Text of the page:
Optics Demystified Demystified Series Accounting Demystified Advanced Calculus Demystified Advanced Physics Demystified Advanced Statistics Demystified Algebra Demystified Alternative Energy Demystified Anatomy Demystified Astronomy Demystified Audio Demystified Biochemistry Demystified Biology Demystified Biotechnology Demystified Business Calculus Demystified Business Math Demystified Business Statistics Demystified C++ Demystified Calculus Demystified Chemistry Demystified Circuit Analysis Demystified College Algebra Demystified Complex Variables Demystified Corporate Finance Demystified Databases Demystified Diabetes Demystified Differential Equations Demystified Digital Electronics Demystified Discrete Mathematics Demystified Dosage Calculations Demystified Earth Science Demystified Electricity Demystified Electronics Demystified Engineering Statistics Demystified Environmental Science Demystified Everyday Math Demystified Fertility Demystified Financial Planning Demystified Fluid Mechanics Demystified Forensics Demystified French Demystified Genetics Demystified Geometry Demystified German Demystified Global Warming and Climate Change Demystified Hedge Funds Demystified Investing Demystified Italian Demystified Java Demystified JavaScript Demystified Lean Six Sigma Demystified Linear Algebra Demystified Macroeconomics Demystified Management Accounting Demystified Math Proofs Demystified Math Word Problems Demystified MATLAB? Demystified Medical Billing and Coding Demystified Medical Charting Demystified Medical-Surgical Nursing Demystified Medical Terminology Demystified Meteorology Demystified Microbiology Demystified Microeconomics Demystified Nanotechnology Demystified Nurse Management Demystified OOP Demystified Optics Demystified Options Demystified Organic Chemistry Demystified Pharmacology Demystified Physics Demystified Physiology Demystified Pre-Algebra Demystified Precalculus Demystified Probability Demystified Project Management Demystified Psychology Demystified Quantum Field Theory Demystified Quantum Mechanics Demystified Real Estate Math Demystified Relativity Demystified Robotics Demystified Sales Management Demystified Signals and Systems Demystified Six Sigma Demystified Spanish Demystified Statistics Demystified String Theory Demystified Technical Analysis Demystified Technical Math Demystified Thermodynamics Demystified Trigonometry Demystified Vitamins and Minerals Demystified Optics Demystified Stan Gibilisco Copyright ? 2009 by The McGraw-Hill Companies, Inc. All rights reserved. Printed in the United States of America. Except as permitted under the United States Copyright Act of 1976, no part of this publication may be reproduced or distributed in any or by any means, or stored in a database or retri system, without the prior written permission of the publisher. ISBN: 978-0-07-178215-9 MHID: 0-07-178215-X The material in this eBook also appears in the print version of this title: ISBN: 978-0-07-149449-6, MHID: 0-07-149449-9. All trademarks are trademarks of their respective owners. Rather than put a trademark symbol after every occurrence of a trademarked name, we use names in an editorial fashion only, and to the benefit of the trademark owner, with no intention of infringement of the trademark. Where such designations appear in this book, they have been printed with initial caps. McGraw-Hill eBooks are available at special quantity discounts to use as premiums and sales promotions, or for use in corporate training programs. To contact a representative please e-mail us at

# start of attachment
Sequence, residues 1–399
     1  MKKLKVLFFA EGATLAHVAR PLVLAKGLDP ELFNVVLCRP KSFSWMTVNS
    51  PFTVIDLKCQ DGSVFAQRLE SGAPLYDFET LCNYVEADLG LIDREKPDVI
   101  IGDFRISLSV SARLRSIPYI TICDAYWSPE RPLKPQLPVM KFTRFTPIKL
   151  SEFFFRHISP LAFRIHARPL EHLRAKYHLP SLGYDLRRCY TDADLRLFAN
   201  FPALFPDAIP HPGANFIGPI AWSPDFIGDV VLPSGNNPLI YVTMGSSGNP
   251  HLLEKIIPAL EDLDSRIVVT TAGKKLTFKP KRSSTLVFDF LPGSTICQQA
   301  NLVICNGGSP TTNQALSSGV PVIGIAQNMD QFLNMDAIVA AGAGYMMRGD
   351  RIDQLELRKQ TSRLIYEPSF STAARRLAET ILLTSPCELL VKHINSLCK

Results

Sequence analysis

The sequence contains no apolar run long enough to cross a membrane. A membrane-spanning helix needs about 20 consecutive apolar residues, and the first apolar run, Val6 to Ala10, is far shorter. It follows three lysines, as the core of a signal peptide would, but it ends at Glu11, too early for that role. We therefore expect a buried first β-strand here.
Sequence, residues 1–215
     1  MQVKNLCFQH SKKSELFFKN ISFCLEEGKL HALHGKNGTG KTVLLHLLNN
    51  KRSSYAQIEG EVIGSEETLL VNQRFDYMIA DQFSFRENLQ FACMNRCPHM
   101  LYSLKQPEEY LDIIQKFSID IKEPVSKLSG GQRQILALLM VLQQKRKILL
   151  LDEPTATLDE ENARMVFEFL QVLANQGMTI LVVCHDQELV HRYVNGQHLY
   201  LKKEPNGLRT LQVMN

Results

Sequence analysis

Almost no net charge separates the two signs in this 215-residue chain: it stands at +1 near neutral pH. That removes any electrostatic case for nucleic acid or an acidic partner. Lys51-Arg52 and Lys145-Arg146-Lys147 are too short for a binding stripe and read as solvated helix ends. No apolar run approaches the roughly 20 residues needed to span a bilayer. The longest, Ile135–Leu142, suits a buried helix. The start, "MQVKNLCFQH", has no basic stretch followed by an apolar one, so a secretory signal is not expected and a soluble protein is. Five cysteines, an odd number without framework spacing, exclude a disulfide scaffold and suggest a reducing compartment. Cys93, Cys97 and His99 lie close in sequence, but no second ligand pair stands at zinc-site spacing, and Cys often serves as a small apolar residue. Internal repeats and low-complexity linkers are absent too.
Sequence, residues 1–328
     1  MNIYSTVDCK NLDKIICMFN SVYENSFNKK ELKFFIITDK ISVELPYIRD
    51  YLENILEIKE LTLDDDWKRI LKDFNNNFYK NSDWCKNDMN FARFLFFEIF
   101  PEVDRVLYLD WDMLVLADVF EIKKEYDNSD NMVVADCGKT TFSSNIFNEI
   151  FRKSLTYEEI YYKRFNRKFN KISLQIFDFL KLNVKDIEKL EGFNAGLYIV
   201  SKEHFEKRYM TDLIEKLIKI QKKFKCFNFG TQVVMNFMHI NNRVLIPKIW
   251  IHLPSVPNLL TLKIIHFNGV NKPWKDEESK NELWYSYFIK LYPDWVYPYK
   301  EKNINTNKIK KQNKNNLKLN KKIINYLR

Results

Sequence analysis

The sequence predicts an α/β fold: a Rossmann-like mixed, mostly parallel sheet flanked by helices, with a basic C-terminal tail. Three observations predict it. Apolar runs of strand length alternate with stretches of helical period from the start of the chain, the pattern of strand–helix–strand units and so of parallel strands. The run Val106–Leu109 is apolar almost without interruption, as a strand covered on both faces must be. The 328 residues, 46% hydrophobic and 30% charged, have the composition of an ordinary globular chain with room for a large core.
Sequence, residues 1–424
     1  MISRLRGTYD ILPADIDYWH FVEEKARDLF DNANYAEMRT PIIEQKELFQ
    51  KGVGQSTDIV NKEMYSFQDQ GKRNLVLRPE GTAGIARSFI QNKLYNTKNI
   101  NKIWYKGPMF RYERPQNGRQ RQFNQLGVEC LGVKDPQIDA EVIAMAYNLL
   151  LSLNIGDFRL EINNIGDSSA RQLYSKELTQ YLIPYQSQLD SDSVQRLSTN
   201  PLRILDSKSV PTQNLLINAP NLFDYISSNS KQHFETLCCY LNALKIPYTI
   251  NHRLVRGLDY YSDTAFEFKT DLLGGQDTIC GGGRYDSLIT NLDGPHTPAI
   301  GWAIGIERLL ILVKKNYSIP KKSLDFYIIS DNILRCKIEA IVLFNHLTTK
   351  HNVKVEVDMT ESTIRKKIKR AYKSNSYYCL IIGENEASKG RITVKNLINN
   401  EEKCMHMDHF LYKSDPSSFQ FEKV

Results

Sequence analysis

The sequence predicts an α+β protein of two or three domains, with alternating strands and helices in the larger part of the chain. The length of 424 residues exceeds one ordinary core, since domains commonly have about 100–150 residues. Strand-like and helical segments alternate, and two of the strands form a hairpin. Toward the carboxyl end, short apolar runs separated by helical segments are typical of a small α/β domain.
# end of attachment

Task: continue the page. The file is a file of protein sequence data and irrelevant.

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To Samuel, Tim, and Tony ABOUT THE AUTHOR Stan Gibilisco is an electronics engineer, researcher, and mathematician who has authored numerous titles for the McGraw-Hill Demystified series, along with more than 30 other books and dozens of magazine articles. His work has been published in several languages. Contents Preface CHAPTER 1 The Nature of Light The Speed of Light Newton’s Particle Theory The Wave Theory The Electromagnetic Spectrum Light and Relativity Simultaneity Quiz CHAPTER 2 Classical Optics Reflection Refraction Color Dispersion Lenses Quiz CHAPTER 3 Common Optical Devices Color Mixing Cameras Projectors and Displays Optical Microscopes Optical Telescopes Quiz CHAPTER 4 Common Optical Effects Radiation Pressure Scattering Diffraction Phase and Interference Polarization Quiz CHAPTER 5 Laser Fundamentals What Is Laser Light? The Cavity Laser Semiconductor Lasers Solid-State Lasers Other Noteworthy Lasers Quiz CHAPTER 6 Optical Data Transmission Optical and Image Transducers Modulating a Light Beam Fiberoptics Robotics Applications Quiz CHAPTER 7 Optics in the Field Ranging and Alignment Industrial Applications Other Applications of Lasers Quiz CHAPTER 8 Exotic Optics Holography How Holograms Are Made Photometry and Spectrometry Astronomy beyond the Visible Quiz CHAPTER 9 Optics to Heal and Defend Medical Diagnosis and Treatment Medical Surgery Military Optics Quiz CHAPTER 10 Optical Illusions Lines and Curves Depth and Displacement Size and Shape Ambiguity and “Ghosts” Quiz Final Exam Answers to Quiz and Exam Questions Suggested Additional Reading Index Preface This book is for people who want to learn about optics or refresh their knowledge of the field. The course can be used for self-teaching or as a supplement in a classroom, tutored, or home-schooling environment. Each chapter ends with a multiple-choice quiz. You may (and should) refer back to the text when taking these quizzes. Because the quizzes are “open- book,” some of the questions are rather difficult, but one choice is always best. When you’re done with the quiz at the end of a chapter, give your list of answers to a friend. Have the friend tell you your score, but not which questions you got wrong. The answers are in the back of the book. Stick with a chapter until you get all of the quiz answers correct. The book concludes with a multiple-choice, “closed-book” final exam. Don’t look back into the chapters when taking this test. A satisfactory score is at least 75 answers correct, but I suggest you shoot for 90. With the exam, as with the quizzes, have a friend tell you your score without letting you know which questions you missed. That way, you won’t subconsciously memorize the answers. The questions are similar in at to those you’ll encounter in standardized tests. Suggestions for future editions are welcome. Stan Gibilisco Optics Demystified CHAPTER 1 The Nature of Light The behavior of light has baffled scientists for centuries. Light rays can pass through glass, but are blocked by cardboard. Light rays can be reflected, bent, and split into colors. Light rays act like particle streams in some experiments, and like wave trains in other experiments. The Speed of Light Casual observations suggest that the speed of light is infinite. We can aim a flashlight at a mirror, switch on the light, and instantly see the reflection. Even if we put a large mirror on a distant hill and shine a powerful lantern at it, we’ll see the reflected beam as soon as we activate the lantern. Nevertheless, light rays travel at finite speed. A ray of light takes a little more than 1 second (1 s) to get from the earth to the moon. EARLY EXPERIMENTS The first serious attempt to measure the speed of light was conducted by two people with kerosene lamps and shutters, standing on hilltops several kilometers apart on a direct line of sight. The experimenters agreed that at a certain time, one of them would open the lamp shutter in view of the other. The instant the other person saw the light from the distant hill, he would open the shutter of his lantern. Allowances were made for human reaction time. When the first experimenter opened the shutter, he saw the light from his companion’s lantern immediately. Light traversed the distance between the hills with a round-trip time too short to measure. In the late 1600s, a Danish astronomer named Ole Roemer noted discrepancies in the orbital period of one of Jupiter’s moons. When Jupiter was on the far side of the sun, the timing of the orbit was delayed by several minutes compared to when Jupiter was exactly opposite the sun. This discrepancy was repeated year after year. Roemer attributed this delay to the fact that the light from Jupiter travels farther to reach the earth when Jupiter and the earth are on opposite sides of the sun, as compared to when Jupiter and the earth are on the same side of the sun. He realized that the difference in distances was exactly twice the radius of the earth’s orbit. Unfortunately, Roemer didn’t know the earth’s orbital radius. If he had, he would have come up with a figure of around 227,000 kilometers per second (km/s) for the speed of light through space. THE FIZEAU WHEEL As generations passed, scientists developed increasingly sophisticated schemes for measuring the speed of light. One ingenious machine, devised and built by Armand Fizeau in 1849, had a rotating, serrated wheel through which a focused light beam passed. The rotating wheel broke the light beam up into pulses. The beam was aimed at a mirror several kilometers away, which reflected the rays back through the serrated wheel to the observer’s eye. Before the Fizeau wheel could be operated, the hardware had to be carefully set up and aligned (Fig. 1-1). The distance between the lamp and the mirror had to be considerable. Fizeau correctly reasoned that as he increased this distance, the accuracy of his measurements would improve. Once the device was aligned and working, Fizeau set the wheel so the light beam would pass through one of the notches, out to the mirror, and back again through the same notch. Then the wheel was slowly turned. At first, the rate of rotation was so slow that the light beam returned through the same notch. As the rate of rotation increased, the wheel would rotate enough so the opaque part of the wheel blocked the returning ray. The rotational speed was increased gradually until the light beam reappeared. Then Fizeau knew that he was looking at the reflected beam through the next serration on the wheel. Figure 1-1 Simplified illustration of the Fizeau wheel. As the light ray travels to and from the distant mirror, the wheel rotates from one notch to the next. The significance of point P is discussed in Solution 1-1. Fizeau measured the angular speed of the wheel in rotations per second. He took the reciprocal of that figure, getting the number of seconds per rotation. He divided that result by the number of serrations around the wheel’s circumference, obtaining the number of seconds per serration. He deduced that the resultant figure was equal to the time, in seconds, required for the light beam to make the round trip to and from the mirror. If he called this time interval t, and if he set the distance between the wheel and the mirror to d meters, then the speed of light c, in meters per second, would come out as c = 2d/t When Fizeau conducted his experiment in this way and made his calculations, he obtained a figure of c = 3.13 × 108 meters per second (m/s). Another French physicist, Jean Foucault, built a more sophisticated system that used rotating mirrors rather than a serrated wheel. His results produced a figure of c = 2.98 × 108 m/s—within 1 percent of the value we accept today. TIME AND DISTANCE VERSUS THE SPEED OF LIGHT As published on the Web site of the National Institute of Standards and Technology (NIST) in 2007, the speed of light in a vacuum is c = 2.99792458 × 108 m/s Today, this is taken as an exact value, because c is regarded as a universal constant, inherent in the nature of time and space. It has this value as seen from any nonaccelerating reference frame, regardless of the speed of the observer relative to the source. According to the NIST, 1 s is the length of time required for 9.192631770 × 109 oscillations in the transition between the two hyperfine levels of the ground state of a cesium-133 atom. That’s a lot of jargon, but we can think of it as 9.192631770 × 109 “vibrations” in a certain radioactive material that always behaves in the same way. The cesium atom is considered as an “absolute natural metronome” that beats at a perfectly constant rate at all times. The meter is defined on the basis of the second and the speed of light, taking advantage of the fact that for anything in motion at a constant speed along a straight line, the displacement is equal to the speed multiplied by the elapsed time. One meter (1 m) is thus defined as the distance that a ray of light travels in 1/(2.99792458 × 108) of a second through a vacuum. We have established the values of three important universal constants: the speed of light, the second, and the meter. The relationship among them can be expressed in three ways: t = d/c d = ct c = d/t where t is the elapsed time in seconds, d is the distance in meters that a beam of light travels, and c is the speed of light in meters per second. LARGE DISTANCE UNITS In astronomy, large units of distance are based on the speed of light and the second. One minute (1 min) is precisely 60 s, and one year (1 y) is approximately 3.155693 × 107 s. On that basis, we can calculate distance units called the light-second (lt · s), the light-minute (lt · min), and the light- year . These are as follows, accurate to three significant figures in meters (m), kilometers (km), and statute miles (mi): Of these units, the light-year is the most familiar to lay people. In popular science literature, it’s often quoted in approximate terms such as “10 trillion kilometers” or “6 trillion miles,” where a “trillion” means 1,000,000,000,000 or 1012. PROBLEM 1-1 Imagine that we set up a rotating-wheel apparatus to reenact the experiment of Armand Fizeau. We place a mirror 1.0000 × 104 m (or 10.000 km) from the lamp-and-wheel system. The wheel has 100 evenly spaced notches around its circumference. We switch on a motor, and the wheel begins to rotate. As we gradually increase the angular speed of the wheel, the reflected beam disappears. The reflected beam first reappears when the wheel reaches an angular speed of ρ1 rotations per second (r/s). We increase the angular speed a little more, and the reflected beam remains visible until the wheel reaches the slightly higher angular speed of ρ2 r/s. Beyond that speed, the beam disappears again. We take the average of these two rotation rates (call it ρ) and use it for the purpose of calculating c, the speed of light. Suppose our experiment works out well. Consider c = 3.00 × 108 m/s. What is the value of ρ, the average angular speed of the wheel at which the reflected beam first reappears, in wheel rotations per second (r/s)? Are there other angular speeds at which we should also expect the beam to be visible? If so, what are those angular speeds? SOLUTION 1-1 Let’s find the time interval t between the emission of a light-beam pulse from the wheel and its return from the mirror, just before the beam passes through the wheel again. We use the middle of each pulse as the basis for our timing. Imagine that we place a photovoltaic cell at point P as shown in Fig. 1-1 and then connect an oscilloscope to the cell so we can view the returning light pulses on the oscilloscope display (Fig. 1-2). The distance between P and our eye (the whole length of the wheel apparatus) is negligible compared with the distance between P and the mirror. The time interval t, as we define it, is from the middle of any given pulse to the middle of the next pulse. The distance d between the wheel apparatus and the mirror is 1.0000 × 104 m. We know that c = 3.00 × 108 m/s. We can rearrange the above equation relating distance, time, and the measured speed of light to obtain t = 2d/c Figure 1-2 Oscilloscope display of returned light pulses in a latter-day Fizeau-wheel experiment before passing through the wheel the second time. The horizontal axis portrays time. The vertical axis shows the relative signal strength. When we plug in the numbers, we get t = (2 × 1.0000 × 104)/(3.00 × 108) = (2.0000 × 104)/(3.00 × 108) = 6.67 × 10?5 s There are 100 notches in the wheel. That means the wheel must complete one rotation in a time interval equal to 100t, or 6.67 × 10?3 s, for the returning beam to go precisely through the notch immediately adjacent to the notch it passed through on its way out. The rate of rotation, ρ, in rotations per second, is therefore ρ = 1/(100t) = 1/(100 × 6.67 × 10?5) = 1/(6.67 × 10?3) = 150 r/s This is the slowest angular speed at which the beam will pass cleanly through the wheel on its return (except for when the wheel is stationary). The beam will also be visible at any angular speed equal to a whole-number multiple of ρ. If the angular speed is 2ρ, the beam will return after the wheel has rotated through two notches. If the angular speed is nρ (where n is a whole number), then the beam will return after the wheel has turned through n notches. We will therefore see clean beam returns at angular speeds of 150 r/s, 300 r/s, 450 r/s, 600 r/s, and so on. Newton’s Particle Theory The fact that light travels through a vacuum in straight lines supports the notion that light consists of fast-moving particles or corpus